Y.O.U. youth painted this mural for C&W Market. RoundTable photo

Youth Organizations Umbrella, a long-time resident of 1027 Sherman Ave., across the street from Nichols Middle School, is growing. Started 43 years ago as a center for youth, the organization now has programs in eight schools, seven in Evanston and one in Skokie, where students can get help with homework and then enjoy sports, creative activities, etc., for three hours after school.

“We meet youth where they are,” said Seth Green, executive director of Y.O.U. The Evanston schools are Evanston Township High School, Washington, Oakton and Dawes elementary schools, Nichols and Chute middle schools and King Arts K-8.

As far back as 2009, Y.O.U. began planning to move, Mr. Green told residents at the Nov. 20 Fifth Ward meeting, but the recent recession stalled the project. A recent gift of property and resources from Colonel Jennifer Pritzker’s Tawani Enterprises will allow Y.O.U. to build a new headquarters at 1911 Church St. Other donations have augmented Ms. Pritzker’s gift, so the organization is about half way to its $4 million goal.

“More than a year ago, Tawani came [to a Fifth Ward meeting] and said they had bought the property,” said Alderman Delores Holmes, who convenes a monthly Fifth Ward meeting. Since that time, “we’ve not heard from them. We do know they bought the property and donated it to Y.O.U,” she said, adding she had invited Mr. Green “to describe what Y.O.U. intends to do.”

“We want to be good neighbors,” Mr. Green said to the residents. “We know that part of being in a community means listening,” he added. For that reason, Y.O.U. held a “listening session” at Family Focus the week before, he said, and came to the Fifth Ward meeting to hear neighbors’ concerns and their visions for the building.

Most Y.O.U. activities take place in the schools, so the new building will have space on the first floor for special activities; at present a maker lab for workshops and demonstrations and a culinary therapy kitchen are planned. The second floor will have office space.

The move is necessary, said Mr. Green, because “we’re at our limit.” On a yearly basis, he said, Y.O.U. serves 1,200 students and touches 3,000 family members. About 60% of the students are black, 25-30% are Latino, and 10-15% are white or Asian, he said. Of those 85% are eligible for a free or reduced-price lunch. The student-to-staff ratio is 7 to 1. With the new building, Y.O.U. will be able to reach out to more youth and offer more opportunities to all the youth, he said.

“We will be in the building between 3 and 7 p.m. and would love it to be vital all day,” Mr. Green said, adding, “We are eager to have your views on what you would like to see in the building.”

Many residents at the meeting seemed more eager to hear about Y.O.U.’s plans than to make suggestions.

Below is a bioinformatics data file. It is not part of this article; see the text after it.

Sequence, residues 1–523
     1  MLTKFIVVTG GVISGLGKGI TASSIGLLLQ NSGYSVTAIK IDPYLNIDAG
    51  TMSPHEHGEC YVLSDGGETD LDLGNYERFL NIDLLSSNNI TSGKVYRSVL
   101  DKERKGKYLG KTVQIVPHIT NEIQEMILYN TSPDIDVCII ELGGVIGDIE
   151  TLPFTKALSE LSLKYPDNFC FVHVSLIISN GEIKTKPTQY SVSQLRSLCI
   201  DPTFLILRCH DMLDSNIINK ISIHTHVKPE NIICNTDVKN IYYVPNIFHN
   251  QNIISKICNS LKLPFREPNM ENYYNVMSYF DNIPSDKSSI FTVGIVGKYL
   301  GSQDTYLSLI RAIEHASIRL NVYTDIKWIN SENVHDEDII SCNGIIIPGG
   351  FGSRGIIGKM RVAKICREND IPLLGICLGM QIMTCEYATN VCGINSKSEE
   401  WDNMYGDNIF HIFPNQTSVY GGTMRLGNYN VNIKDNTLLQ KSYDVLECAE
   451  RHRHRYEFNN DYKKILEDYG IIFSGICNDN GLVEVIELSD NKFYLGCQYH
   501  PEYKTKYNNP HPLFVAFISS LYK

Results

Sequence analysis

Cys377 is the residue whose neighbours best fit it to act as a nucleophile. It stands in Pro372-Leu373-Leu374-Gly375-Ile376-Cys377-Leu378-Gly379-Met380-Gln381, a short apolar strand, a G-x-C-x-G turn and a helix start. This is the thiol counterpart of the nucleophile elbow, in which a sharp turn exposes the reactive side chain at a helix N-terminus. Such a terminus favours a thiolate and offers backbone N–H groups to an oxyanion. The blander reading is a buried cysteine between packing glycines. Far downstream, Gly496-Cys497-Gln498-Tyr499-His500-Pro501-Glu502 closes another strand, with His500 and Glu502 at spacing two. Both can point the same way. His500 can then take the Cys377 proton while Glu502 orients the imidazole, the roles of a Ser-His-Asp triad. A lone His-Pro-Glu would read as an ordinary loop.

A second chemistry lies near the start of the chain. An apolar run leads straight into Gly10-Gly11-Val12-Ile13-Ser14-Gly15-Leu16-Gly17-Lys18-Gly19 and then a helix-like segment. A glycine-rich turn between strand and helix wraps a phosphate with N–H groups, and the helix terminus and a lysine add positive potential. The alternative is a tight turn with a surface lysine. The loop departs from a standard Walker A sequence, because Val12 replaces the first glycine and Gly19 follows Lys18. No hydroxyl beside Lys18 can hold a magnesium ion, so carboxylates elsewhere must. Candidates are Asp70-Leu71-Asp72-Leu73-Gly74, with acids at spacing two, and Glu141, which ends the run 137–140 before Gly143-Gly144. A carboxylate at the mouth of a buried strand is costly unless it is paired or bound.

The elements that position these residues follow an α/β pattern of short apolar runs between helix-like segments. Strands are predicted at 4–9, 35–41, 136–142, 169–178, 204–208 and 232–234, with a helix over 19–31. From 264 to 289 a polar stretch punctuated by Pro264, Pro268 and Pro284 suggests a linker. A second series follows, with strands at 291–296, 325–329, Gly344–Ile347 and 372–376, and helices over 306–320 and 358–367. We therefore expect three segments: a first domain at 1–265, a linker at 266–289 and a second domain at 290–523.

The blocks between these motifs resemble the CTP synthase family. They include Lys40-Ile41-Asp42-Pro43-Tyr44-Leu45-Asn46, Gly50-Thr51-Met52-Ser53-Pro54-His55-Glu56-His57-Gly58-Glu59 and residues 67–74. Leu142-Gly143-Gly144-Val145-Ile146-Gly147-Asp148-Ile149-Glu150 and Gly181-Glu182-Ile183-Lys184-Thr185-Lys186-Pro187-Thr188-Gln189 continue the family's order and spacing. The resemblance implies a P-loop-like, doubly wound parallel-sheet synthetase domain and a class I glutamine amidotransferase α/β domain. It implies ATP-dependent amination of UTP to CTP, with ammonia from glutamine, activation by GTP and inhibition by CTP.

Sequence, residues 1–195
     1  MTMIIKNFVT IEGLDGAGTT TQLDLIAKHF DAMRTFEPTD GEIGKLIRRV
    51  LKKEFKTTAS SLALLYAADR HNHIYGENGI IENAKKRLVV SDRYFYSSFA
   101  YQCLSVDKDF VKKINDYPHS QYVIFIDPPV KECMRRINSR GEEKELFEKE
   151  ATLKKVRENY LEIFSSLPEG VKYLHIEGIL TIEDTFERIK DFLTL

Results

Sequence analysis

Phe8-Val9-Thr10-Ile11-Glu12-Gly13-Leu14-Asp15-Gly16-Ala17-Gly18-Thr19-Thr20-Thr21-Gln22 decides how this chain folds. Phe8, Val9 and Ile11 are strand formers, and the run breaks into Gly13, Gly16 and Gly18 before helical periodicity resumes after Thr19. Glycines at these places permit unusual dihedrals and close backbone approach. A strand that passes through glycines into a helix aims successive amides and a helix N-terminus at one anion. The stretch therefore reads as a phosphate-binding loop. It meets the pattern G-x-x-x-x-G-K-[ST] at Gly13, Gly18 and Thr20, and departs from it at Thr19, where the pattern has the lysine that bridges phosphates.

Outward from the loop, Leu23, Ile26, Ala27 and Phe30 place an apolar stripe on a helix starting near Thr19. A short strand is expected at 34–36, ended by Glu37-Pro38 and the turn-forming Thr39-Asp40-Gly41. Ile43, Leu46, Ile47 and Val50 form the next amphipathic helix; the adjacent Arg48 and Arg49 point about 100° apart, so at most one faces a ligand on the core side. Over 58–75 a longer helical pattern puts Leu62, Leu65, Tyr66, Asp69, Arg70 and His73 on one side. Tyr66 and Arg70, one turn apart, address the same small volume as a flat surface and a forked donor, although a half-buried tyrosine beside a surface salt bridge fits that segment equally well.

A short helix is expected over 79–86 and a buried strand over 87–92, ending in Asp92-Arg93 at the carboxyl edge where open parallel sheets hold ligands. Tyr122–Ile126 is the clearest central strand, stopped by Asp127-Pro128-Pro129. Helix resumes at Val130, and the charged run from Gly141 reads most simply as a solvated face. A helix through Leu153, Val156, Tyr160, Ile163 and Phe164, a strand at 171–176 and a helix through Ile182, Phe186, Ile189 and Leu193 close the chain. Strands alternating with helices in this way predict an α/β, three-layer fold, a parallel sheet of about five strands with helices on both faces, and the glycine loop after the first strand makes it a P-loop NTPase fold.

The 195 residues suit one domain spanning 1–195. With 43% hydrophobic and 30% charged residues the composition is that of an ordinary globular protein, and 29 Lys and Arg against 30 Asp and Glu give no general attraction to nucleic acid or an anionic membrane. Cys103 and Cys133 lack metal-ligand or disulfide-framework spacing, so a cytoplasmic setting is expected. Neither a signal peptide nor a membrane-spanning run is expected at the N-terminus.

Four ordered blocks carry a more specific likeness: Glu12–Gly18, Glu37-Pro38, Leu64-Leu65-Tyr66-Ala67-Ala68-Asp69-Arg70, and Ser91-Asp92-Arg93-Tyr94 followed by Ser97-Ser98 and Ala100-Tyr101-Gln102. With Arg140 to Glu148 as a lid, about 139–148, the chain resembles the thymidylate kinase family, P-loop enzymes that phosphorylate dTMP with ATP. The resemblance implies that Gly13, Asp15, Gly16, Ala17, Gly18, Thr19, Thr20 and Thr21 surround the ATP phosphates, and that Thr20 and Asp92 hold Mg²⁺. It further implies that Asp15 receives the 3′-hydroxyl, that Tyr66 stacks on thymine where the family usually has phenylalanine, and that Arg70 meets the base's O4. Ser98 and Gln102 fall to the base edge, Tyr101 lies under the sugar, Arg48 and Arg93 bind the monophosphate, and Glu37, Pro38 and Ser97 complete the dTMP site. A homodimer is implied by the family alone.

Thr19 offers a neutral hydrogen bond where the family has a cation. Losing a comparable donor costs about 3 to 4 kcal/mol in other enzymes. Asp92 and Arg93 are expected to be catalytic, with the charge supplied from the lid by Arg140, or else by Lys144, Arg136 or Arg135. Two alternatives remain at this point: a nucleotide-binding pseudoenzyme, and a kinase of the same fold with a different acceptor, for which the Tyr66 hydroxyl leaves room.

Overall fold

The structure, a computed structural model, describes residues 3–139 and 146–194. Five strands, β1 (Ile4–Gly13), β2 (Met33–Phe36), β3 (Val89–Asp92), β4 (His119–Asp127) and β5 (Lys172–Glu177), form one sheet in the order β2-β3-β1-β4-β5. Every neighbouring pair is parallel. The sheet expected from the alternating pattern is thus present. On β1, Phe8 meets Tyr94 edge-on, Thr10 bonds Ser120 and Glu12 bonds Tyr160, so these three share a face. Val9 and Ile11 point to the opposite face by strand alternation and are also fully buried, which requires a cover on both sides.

Y.O.U. will apply for tax-exempt status for the 1911 Church St. property once the purchase is completed, Mr. Green said. Referring to the parking lot on the southeast corner of Church Street and Dodge Avenue, he said Y.O.U. will do some landscaping and make sure “it is maintained and available to residents and ETHS.” There will be a handicap parking space in front of the building, he said.

Y.O.U. Youth Paint Mural at C&W Market

When middle-schoolers Ana Ariza and Dionne Wilson participated in Y.O.U.’s Urban Elements poetry and art group this summer, they learned that graffiti art could transcend negative stereotypes to serve as a powerful form of self-expression. So Ariza and Wilson applied their knowledge to brighten up a local business.

On Nov.16, Ana and Dionne worked alongside Y.O.U. King Arts Site Coordinator Hussein Ally and his design partner to create a mural for C&W Market and Ice Cream Parlor, 1901 Church St. The mural depicts different items found throughout the store and the colorful, community-oriented identity of the new business.

 C&W owners Clarence D. Weaver Sr. and Wendy Weaver solicited mural ideas from the community.

“”We wanted to partner with Y.O.U. because we saw this as an opportunity for participation from youth that was also a good way to support the organization,”” said Mr. Weaver.

“”This was a great opportunity for our youth. … This showed them that being an artist can be a real career possibility,”” said Mr. Ally.

 “”It feels awesome just knowing that so many people are going to see our mural and are going to acknowledge that we did something great,”” Ana said.

 “”We wanted something that felt fresh and showcased that we have products for youth as well as adults,”” said Mr. Weaver.

“”The mural became a complement of our mission and our motto. People walk by and give us a thumbs up and come in and compliment the art. … This is already proving to be a conversation piece.

“”I think the mural represents that we want to have a long-term relationship with Y.O.U. We like their mission, we like their mentorship and we like the impact it’s having on the youth of our community,”” Mr. Weaver said.